Saturday, April 16, 2011

Games @ Work
Over the past six months, I have been thinking about the potential use of gaming within the enterprise. The explosive growth of Zynga and other social gaming companies demonstrates how engaging the combination is. In addition, we humans respond extremely well to rewards: loyalty programs, bonuses, etc. Reward programs are also widely used to incent certain customer and employee behavior.

Recently, I came across a new term for this trend - Gamification. I like the Wikipedia definition: The use of game play mechanics for non-game applications.

Game theory is beginning to be widely used to influence customer engagement, behavior and even employee productivity. This BusinessWeek article has examples of use of game theory at a broad range of companies: SAP, Hilton, Siemens, UPS, Nissan, Target, etc.

Earlier this week, Gartner, jumped on the bandwagon with a bold statement: "over half of innovation will be gamified by 2015". Here is a ZDnet story covering Gartners' report in detail. Gartner is advising that "Enterprise architects, CIOs and IT planners must be aware of, and lead, the business trend of gamification, educate their business counterparts and collaborate in the evaluation of opportunities within the organization".

I am pleased that we at the CTO Roundable of Washington DC sensed the trend early and are putting together our next Summit on "What CTOs should learn from Gaming" in early fall.

Image: Pacman by Preeti

Thursday, April 14, 2011

Social tools in the workplace
I presented at the marcusevans CIO Summit on Tuesday, April 12 in Dallas. After briefly covering how knowledge workers are craving social features in consumer technologies within the workplace, I talked about the Why?, What? and How? of our Enterprise 2.0 initiative:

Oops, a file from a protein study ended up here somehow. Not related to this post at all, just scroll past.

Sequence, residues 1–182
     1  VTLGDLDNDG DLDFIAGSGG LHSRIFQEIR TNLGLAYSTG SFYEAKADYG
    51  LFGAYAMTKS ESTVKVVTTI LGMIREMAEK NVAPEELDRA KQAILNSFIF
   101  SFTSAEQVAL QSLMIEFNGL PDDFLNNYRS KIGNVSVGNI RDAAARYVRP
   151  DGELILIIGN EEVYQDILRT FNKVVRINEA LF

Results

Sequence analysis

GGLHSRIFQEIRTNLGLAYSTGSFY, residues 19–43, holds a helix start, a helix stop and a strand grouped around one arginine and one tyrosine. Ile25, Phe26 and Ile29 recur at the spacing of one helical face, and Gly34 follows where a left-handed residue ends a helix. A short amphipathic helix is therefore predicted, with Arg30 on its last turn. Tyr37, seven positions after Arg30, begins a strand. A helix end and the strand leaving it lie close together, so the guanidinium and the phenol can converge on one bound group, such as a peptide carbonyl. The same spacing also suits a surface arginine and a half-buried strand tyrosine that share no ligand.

• Why? In my view the enormous increase in pace of product cycles is primarily driving the need for Fast and Efficient solutions to support Knowledge Work. IT has traditionally focused on Process Automation and Transaction Processing. ERP systems and other enterprise technologies are very ill-suited for knowledge work. Given that fact that companies must innovate faster, Enterprise 2.0 tools that help knowledge workers be more productive are in great demand and are being deployed at a very fast pace. Our main requirements for a solution are: need to create an online workplace for our dispersed workforce, an efficient communication platform and an easy to use interface. Cost is also a big driver for us.

  • What? In my mind, each company has specific needs that must be analyzed before a system is deployed. Standing-up a SharePoint instance and letting customers design applications of their choice is not sufficient to turbo-charge collaboration and innovation. We hired the Dachis Group for a short project to help analyze our requirements and prioritize our needs from within the best-practice features for such a platform. They also helped us ramp-up our teams' knowledge in the domain.

  • How? Our guiding principles for designing a solution are:
    - Optimal User / Enterprise balance
    - High-quality user experience
    - It is a program, not a technology
    - Low cost to operate
    - Low customization
    - One platform, many communities, many teams
    - Easy access management (auto provisioning, SSO)
    - Measure ... Iterate ... Measure ... Iterate

    We are building the solution on a leading-edge Open Source platform.
We then discussed how companies are making these platforms successful. Unfortunately, I did not get much input from the CIOs in the room. We have yet to deploy our platform, so, I did not have any real experiences to share. I did discuss some information I have gathered from analysts. Will try and write another post on the topic after 6 months.

Pic: Spring was recently in our back yard!